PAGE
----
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A local brigade in Guayaquil takes part in a training exercise to learn how to react to natural disasters. A large-scale simulation is held every year in November to help prepare the brigades for potential climate-change-related catastrophe.

Photography by Sanne Derks/The Globe and Mail

Guayaquil, Ecuador’s largest city with around three million inhabitants, is among the most vulnerable coastal cities in the world. Earthquakes are a constant threat because of its location close to the Pacific Ring of Fire. An intensified rainy season has increased the risk of floods. Studies repeatedly rank it as one of the top cities most likely to sustain major damage caused by rising sea levels.

But since the 1960s, the delta lands in the Guayas river basin have seen rapid urbanization, especially through informal settlements. Land traffickers occupy a property, sell plots to several families and then put pressure on the actual owner to sell.

These unregulated districts – now home to an estimated 70 per cent of Guayaquil’s population – create a challenge for officials tasked with keeping their poor residents safe. According to the country’s constitution, the state must protect people and nature from all kinds of disasters. This responsibility falls to regional areas.

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Guayaquil’s risk management department worked with the NGO Care to develop an inclusive approach. The program “not only empowered institutions, but also the people in the poor districts in town,” department consultant Fabio Donoso says.

Instrumental to its success are 28 “brigades” composed of local volunteers that have been implemented in communities and informal settlements across the city. Members are trained how to respond in emergencies and evacuations, and to exchange information with institutions such as the fire department, police and hospitals.

One of the key parts is the “sala de incidencia,” a video-surveillance hub where reports from the transport system, the police and fire departments and the brigades are collected and analyzed.

Brigade members say they feel much more prepared for disasters. “Our district is like a frying pan,” says Lorena Lozana Charcopa in the Nueva Prosperina district. “We have seen so many floods, as the water is coming in from all sides. ... We have to learn what to do. Now we learned, and it can help us evade even death.”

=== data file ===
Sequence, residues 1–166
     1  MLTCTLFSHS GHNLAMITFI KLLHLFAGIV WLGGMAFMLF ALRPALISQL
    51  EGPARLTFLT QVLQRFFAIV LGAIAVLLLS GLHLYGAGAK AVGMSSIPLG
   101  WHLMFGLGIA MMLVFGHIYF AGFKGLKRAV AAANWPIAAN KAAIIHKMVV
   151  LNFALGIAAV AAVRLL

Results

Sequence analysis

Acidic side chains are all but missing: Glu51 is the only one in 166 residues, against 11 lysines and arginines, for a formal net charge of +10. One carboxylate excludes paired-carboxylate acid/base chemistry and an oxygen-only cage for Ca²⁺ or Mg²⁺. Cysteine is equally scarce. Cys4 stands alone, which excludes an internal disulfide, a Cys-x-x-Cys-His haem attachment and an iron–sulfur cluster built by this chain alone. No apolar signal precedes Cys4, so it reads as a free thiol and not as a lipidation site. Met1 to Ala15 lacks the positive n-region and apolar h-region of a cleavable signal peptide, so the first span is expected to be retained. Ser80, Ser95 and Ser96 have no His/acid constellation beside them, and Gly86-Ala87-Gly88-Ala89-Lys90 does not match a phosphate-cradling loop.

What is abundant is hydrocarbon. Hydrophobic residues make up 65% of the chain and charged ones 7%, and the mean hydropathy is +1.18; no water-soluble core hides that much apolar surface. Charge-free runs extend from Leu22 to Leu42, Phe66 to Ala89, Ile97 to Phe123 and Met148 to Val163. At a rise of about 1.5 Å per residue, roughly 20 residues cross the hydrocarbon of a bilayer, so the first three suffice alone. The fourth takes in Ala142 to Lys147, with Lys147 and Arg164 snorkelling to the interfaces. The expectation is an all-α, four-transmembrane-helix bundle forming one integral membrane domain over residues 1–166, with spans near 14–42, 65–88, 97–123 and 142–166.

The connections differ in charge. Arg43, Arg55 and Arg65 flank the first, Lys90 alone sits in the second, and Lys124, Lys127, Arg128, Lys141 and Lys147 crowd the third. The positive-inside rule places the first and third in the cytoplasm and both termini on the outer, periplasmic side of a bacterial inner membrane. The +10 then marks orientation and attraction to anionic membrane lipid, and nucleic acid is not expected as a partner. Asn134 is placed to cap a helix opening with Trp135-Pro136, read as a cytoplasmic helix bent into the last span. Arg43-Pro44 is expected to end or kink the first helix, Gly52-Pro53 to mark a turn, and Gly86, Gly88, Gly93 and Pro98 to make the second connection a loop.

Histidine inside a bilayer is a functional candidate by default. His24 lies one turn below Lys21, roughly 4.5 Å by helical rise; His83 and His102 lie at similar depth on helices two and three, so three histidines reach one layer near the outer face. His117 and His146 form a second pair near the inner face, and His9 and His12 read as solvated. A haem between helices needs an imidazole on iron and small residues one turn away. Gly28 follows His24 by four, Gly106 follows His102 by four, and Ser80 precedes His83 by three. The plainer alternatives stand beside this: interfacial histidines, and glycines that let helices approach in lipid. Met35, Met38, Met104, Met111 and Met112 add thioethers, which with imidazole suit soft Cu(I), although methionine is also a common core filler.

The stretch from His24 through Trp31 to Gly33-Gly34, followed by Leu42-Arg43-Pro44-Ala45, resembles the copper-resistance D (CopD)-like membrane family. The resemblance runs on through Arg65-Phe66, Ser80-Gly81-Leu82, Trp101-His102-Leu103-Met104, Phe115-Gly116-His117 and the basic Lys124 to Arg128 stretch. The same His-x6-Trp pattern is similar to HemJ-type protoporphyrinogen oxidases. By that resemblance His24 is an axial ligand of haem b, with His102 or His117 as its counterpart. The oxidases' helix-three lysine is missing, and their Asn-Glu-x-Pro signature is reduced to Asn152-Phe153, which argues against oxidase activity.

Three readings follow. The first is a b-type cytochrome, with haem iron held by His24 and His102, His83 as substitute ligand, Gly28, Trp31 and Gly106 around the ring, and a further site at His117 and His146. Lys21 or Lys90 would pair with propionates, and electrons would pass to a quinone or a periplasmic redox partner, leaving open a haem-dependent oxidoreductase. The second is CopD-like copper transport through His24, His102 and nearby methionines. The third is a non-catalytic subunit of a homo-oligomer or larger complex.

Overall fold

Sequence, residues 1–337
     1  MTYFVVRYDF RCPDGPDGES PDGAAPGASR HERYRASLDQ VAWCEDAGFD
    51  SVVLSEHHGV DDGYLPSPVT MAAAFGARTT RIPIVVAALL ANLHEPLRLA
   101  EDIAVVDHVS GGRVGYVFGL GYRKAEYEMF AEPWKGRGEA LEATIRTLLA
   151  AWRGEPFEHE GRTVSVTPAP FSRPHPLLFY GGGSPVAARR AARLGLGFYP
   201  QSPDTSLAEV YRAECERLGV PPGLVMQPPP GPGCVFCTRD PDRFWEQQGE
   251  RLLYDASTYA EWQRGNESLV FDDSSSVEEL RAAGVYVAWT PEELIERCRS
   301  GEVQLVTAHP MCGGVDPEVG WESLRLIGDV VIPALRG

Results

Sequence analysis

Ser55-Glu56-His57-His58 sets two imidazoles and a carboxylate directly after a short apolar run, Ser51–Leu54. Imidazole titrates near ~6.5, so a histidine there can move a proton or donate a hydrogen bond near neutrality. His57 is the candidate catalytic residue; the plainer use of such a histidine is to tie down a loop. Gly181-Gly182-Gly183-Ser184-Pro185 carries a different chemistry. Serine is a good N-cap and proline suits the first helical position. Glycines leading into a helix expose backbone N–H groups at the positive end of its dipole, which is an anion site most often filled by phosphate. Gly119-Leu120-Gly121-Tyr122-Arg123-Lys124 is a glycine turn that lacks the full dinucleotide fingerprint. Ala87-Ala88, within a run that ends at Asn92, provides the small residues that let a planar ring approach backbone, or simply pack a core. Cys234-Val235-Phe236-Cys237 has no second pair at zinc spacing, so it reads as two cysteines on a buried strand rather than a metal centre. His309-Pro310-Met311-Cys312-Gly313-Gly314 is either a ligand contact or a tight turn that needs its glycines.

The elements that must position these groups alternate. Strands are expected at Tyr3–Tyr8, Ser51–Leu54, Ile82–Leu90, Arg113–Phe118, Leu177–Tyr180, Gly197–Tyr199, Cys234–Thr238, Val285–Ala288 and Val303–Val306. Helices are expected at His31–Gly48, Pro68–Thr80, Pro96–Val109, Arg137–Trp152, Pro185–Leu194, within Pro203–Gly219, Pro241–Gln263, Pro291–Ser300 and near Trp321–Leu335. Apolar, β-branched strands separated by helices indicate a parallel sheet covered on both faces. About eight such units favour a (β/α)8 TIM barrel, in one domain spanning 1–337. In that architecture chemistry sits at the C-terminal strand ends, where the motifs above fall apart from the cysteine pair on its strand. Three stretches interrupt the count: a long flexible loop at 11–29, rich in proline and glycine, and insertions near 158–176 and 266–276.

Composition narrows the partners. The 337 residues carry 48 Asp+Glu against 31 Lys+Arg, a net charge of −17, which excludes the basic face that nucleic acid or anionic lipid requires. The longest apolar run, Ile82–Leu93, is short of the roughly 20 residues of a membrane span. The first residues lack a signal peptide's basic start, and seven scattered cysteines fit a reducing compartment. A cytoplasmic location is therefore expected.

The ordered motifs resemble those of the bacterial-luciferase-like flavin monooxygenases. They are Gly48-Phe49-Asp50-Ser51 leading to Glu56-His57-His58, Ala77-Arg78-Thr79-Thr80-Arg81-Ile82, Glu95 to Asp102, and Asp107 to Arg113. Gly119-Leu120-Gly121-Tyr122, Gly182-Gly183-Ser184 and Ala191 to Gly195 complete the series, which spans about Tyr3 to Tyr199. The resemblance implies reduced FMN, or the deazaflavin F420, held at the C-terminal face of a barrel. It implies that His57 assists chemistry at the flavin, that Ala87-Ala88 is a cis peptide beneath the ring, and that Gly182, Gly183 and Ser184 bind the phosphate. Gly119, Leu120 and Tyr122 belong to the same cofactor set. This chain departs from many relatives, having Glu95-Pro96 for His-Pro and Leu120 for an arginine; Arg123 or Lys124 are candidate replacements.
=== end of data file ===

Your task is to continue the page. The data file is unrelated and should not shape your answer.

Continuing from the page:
But the program plays another important role. As the brigades take shape and become more entrenched in the community, they lead to increased social cohesion, says Monica Menendez, subdirector of Guayaquil’s risk management department. “We see how they grow into political organizations that learn to fight for their rights and take decisions in other fields also.”

The system has been a boon to communities, agrees Ms. Charcopa. “We are in direct contact with the municipality. We also request other things, such as a soccer field or a sewage system ... and our problems are resolved much quicker.”

The effect is felt on a personal level, as well. “It is an opportunity to learn something new, in which I can help others,” brigade member Jaime Criana says. “And what I also like about it, is that I made a lot of new friends. I am part of a group now.”

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In Guayaquil's Nueva Prosperina district, 'we have seen so many floods, as the water is coming in from all sides,' brigade member Lorena Lozana Charcopa says. Here, locals asked to take part in the natural-disaster-preparedness program themselves.

Nueva Prosperina is one of the many informal settlements created by a wave of rapid urbanization in Guayaquil from the 1960s onward.

Guayaquil is a city of nearly three million people; older districts are renowned for their brightly painted homes. It's also one of the coastal cities most at risk from rising sea levels: In extreme scenarios, it'd be the No. 4 most damaged city after Guangzhou, Mumbai and New Orleans.

Drought and high temperatures have kept firefighters busy with wildfires that sometimes threaten the informal settlements of Guayaquil.

For those living along the rivers that empty into the Gulf of Guayaquil, floods aren't the only hazard: The soil is unstable during earthquakes, an ever-present risk in a city close to the Pacific's seismically active Ring of Fire. Building houses within 15 metres of the river's edge is prohibited, architect Walter Mora says, but informal settlements there have still existed for years.

From this video surveillance room, more than 1,100 cameras can be used to monitor Guayaquil and co-ordinate police, fire and emergency-response services. Information from the local emergency brigades can also be important in redirecting resources to disaster areas.

Mapping neighbourhoods and erecting evacuation-route signs such as this is an important part of the disaster-preparedness program.

After heavy rains, brigade members make their rounds to check on residents and report on the damage. Protecting people from the harm of natural or human-caused disasters is an obligation written into Ecuador's constitution.

Brigade members receive first-aid training. Here, Ashley Villacres recounts how she was able to use those skills to rescue a boy at school who had overdosed. ‘I felt in control and knew exactly what steps to take before the ambulance arrived,’ she says.


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